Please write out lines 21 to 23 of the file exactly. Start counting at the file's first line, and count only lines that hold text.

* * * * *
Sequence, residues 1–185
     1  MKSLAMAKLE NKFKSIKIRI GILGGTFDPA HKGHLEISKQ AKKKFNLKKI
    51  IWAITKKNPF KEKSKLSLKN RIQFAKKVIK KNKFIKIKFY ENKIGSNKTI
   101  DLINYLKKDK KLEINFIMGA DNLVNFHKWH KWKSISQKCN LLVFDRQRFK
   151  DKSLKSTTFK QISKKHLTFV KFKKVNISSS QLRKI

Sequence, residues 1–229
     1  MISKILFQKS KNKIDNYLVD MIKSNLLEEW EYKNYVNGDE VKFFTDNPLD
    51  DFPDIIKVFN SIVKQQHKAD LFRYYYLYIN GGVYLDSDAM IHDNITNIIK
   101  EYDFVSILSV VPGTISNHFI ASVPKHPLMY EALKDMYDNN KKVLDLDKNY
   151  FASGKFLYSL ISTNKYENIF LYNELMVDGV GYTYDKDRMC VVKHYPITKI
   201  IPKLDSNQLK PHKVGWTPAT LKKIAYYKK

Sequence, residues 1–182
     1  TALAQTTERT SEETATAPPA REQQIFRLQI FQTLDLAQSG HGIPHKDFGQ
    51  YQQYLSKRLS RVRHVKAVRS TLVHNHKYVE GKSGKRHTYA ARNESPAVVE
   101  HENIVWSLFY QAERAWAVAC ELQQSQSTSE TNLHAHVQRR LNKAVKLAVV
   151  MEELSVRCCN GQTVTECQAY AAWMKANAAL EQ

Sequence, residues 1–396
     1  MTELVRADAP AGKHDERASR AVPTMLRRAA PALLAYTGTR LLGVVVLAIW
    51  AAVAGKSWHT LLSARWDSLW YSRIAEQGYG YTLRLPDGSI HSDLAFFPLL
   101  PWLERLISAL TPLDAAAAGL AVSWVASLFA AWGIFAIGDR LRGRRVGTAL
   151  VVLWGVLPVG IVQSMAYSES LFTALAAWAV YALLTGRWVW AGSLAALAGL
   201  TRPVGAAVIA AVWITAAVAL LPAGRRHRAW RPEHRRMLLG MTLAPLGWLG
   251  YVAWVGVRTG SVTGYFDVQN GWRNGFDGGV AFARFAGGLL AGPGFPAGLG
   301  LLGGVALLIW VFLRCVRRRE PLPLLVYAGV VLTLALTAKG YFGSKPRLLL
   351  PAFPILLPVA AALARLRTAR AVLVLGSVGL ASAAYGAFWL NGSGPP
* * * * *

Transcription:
   151  VVLWGVLPVG IVQSMAYSES LFTALAAWAV YALLTGRWVW AGSLAALAGL
   201  TRPVGAAVIA AVWITAAVAL LPAGRRHRAW RPEHRRMLLG MTLAPLGWLG
   251  YVAWVGVRTG SVTGYFDVQN GWRNGFDGGV AFARFAGGLL AGPGFPAGLG